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Michael D. Steele

This article explores facilitating meaningful mathematics discourse, one of the research-based practices described in Principles to Actions: Ensuring Mathematical Success for All. Two tools that can support teachers in strengthening their classroom discourse are discussed in this, another installment in the series.

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Kimberly Cervello Rogers and Michael D. Steele

Graduate teaching assistants serve as instructors of record for numerous undergraduate courses every semester, including serving as teachers for mathematics content courses for elementary preservice teachers. In this study, we examine 6 teaching assistants' teaching practices in the context of a geometry content course for preservice teachers by focusing on their enactment of reasoning-and-proving tasks. Results indicate that teaching assistants engaged preservice teachers in a variety of reasoning-and-proving activities. For 42 of 82 tasks observed, preservice teachers' engagement in reasoningand-proving processes decreased relative to the potential for reasoning and proving in mathematical tasks. This investigation into teaching assistants' teaching practices identifies factors associated with their enactment of reasoning-and-proving tasks (e.g., generating student participation). This research has implications for professional development to support college mathematics instructors' teaching.

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Michael D. Steele and Amy F. Hillen

In the majority of secondary mathematics teacher preparation programs, the work of learning mathematics and the work of learning to teach mathematics are separated, leaving open the question of when and how teachers integrate their knowledge of content and pedagogy. We present a model for a content-focused methods course, which systematically develops a slice of mathematics content in the context of typical methods course activities. Three design principles are posited that undergird the design of such a course, addressing the nature of the mathematics content, the sequencing and design of activities, and the ways in which the course addresses the needs of diverse learners. Data from an instantiation of one such course is presented to illustrate the ways in which the course design framed teachers' opportunities to learn about both content and pedagogy.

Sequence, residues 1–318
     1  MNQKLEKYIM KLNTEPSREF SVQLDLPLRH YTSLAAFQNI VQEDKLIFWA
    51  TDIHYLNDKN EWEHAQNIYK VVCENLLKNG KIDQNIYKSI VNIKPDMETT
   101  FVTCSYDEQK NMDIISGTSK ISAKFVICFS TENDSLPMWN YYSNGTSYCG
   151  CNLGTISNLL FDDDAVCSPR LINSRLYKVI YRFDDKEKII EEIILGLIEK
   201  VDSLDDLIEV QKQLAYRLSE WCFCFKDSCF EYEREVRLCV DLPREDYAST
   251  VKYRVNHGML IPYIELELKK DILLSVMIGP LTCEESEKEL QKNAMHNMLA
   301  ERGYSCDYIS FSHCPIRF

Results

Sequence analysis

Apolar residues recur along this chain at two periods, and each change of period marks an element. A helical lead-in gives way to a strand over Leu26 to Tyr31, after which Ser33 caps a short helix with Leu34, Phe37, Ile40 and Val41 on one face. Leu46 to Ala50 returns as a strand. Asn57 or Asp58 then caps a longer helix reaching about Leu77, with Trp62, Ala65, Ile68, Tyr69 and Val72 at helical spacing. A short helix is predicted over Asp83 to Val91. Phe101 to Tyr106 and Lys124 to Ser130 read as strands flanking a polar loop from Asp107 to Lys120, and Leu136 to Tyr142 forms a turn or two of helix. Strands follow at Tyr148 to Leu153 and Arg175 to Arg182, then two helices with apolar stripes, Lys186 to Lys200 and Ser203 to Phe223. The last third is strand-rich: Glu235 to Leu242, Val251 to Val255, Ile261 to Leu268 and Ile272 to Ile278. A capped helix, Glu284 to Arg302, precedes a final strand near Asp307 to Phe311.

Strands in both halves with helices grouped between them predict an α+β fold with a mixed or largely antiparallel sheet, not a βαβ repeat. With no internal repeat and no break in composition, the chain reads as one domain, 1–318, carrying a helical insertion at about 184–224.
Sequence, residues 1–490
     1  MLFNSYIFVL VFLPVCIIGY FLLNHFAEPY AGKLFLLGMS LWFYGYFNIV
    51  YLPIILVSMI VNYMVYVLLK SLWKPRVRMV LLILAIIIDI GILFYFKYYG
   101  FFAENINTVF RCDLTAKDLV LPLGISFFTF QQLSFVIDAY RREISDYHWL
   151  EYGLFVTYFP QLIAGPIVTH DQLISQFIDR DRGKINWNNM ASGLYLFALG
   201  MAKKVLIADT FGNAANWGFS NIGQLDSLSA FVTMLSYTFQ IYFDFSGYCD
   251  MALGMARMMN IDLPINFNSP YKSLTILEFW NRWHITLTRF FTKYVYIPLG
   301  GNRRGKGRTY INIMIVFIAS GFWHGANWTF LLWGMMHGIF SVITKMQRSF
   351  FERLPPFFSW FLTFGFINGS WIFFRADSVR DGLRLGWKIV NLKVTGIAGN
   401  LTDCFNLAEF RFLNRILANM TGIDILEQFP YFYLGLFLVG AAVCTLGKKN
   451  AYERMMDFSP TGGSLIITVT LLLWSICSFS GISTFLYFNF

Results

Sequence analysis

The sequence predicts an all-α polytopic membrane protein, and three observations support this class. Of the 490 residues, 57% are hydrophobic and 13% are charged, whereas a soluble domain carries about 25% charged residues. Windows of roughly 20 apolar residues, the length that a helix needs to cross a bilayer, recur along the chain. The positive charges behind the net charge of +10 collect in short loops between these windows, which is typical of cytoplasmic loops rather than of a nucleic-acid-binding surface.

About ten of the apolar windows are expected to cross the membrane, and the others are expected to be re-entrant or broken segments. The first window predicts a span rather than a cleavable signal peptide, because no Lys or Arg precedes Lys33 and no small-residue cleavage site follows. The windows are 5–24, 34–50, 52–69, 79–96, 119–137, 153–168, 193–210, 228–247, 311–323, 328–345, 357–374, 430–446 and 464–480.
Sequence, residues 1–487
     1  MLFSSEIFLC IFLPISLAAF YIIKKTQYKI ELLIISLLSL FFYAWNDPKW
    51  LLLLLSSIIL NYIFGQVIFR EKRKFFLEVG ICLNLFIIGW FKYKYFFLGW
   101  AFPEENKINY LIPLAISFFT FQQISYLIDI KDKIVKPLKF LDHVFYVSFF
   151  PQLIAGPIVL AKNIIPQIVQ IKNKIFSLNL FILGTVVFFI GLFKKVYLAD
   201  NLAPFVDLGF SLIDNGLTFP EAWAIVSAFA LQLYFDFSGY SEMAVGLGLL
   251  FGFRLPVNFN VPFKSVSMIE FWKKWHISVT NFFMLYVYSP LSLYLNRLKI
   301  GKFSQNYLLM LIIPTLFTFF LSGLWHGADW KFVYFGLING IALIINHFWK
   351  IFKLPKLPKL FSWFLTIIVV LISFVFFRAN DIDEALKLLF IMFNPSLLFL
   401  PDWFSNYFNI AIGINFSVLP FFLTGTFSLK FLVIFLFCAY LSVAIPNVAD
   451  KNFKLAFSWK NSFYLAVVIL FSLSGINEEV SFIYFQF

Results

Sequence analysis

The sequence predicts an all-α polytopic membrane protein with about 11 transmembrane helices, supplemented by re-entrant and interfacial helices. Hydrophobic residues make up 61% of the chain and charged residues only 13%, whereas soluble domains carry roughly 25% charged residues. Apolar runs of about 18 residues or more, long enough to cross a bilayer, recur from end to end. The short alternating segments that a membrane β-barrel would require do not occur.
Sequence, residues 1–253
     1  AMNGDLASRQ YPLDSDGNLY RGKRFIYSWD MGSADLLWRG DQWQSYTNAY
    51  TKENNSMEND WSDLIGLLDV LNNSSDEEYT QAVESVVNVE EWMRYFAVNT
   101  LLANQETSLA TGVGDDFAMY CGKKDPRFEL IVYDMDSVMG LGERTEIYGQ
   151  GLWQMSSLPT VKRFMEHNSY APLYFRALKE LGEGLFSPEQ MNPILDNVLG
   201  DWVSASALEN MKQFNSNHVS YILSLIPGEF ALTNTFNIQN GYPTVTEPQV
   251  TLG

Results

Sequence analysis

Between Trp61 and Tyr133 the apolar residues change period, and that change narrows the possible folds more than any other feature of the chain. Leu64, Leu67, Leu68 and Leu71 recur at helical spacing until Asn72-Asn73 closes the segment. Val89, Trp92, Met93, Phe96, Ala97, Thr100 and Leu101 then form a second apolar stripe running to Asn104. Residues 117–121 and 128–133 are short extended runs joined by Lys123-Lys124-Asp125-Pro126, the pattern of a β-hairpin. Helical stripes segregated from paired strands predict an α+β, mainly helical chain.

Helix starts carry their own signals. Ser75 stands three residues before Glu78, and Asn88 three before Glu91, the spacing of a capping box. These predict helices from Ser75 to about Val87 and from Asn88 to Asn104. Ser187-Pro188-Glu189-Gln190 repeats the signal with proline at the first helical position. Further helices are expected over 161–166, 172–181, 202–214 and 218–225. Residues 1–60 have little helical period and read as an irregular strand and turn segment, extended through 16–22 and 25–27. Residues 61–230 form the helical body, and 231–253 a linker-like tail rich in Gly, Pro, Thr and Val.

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Amanda J. Moore, Matthew R. Gillett, and Michael D. Steele

Reflections on the design and implementation of the flipped instruction model in two mathematics classrooms.

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Beth A. Herbel-Eisenmann, Michael D. Steele, and Michelle Cirillo

We describe our ongoing efforts to design materials for supporting secondary mathematics teachers in using a set of Teacher Discourse Moves purposefully in order to develop classroom discourse that is both productive and powerful for students' learning. We focus on secondary mathematics classroom discourse because mathematical language and meanings get increasingly complex beginning in middle school, and most discourse-related work in mathematics education has focused on elementary school classrooms. We make explicit both the concepts we use and the translation of these theoretical concepts into ideas useful for practice. This article contributes to ongoing discussions about making visible the work of developing research-based professional development materials.

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Michael D. Steele, Caroline S. Gneiting, and Kate R. Johnson

Previous MTE editorials have focused on the nature of evidence and how it relates to the claims we make, the nature of our tools, and the nature of the contributions to the shared knowledge base. In this editorial, we draw on these perspectives and MTE articles to discuss how we might think about aligning the tools we wish to share, the evidence related to the tool's efficacy, and the implications for aspects of mathematics teacher education.

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Michael D. Steele, Kate R. Johnson, Leilani C. Fonbuena, and Caroline S. Gneiting

We would like to begin our first editorial by sharing what an honor it is to serve as the fourth editorial team for Mathematics Teacher Educator (MTE). Our team has been working side by side with the previous editorial team for the past year learning systems, handling new manuscripts, and most importantly sharing aspirations and dreams for the next phase of the journal's life. We are indebted to Karen Hollebrands, Valerie Faulkner, Emily Elrod, and Heather West for their outstanding work in advancing the journal, in training our team, and in making us feel welcome.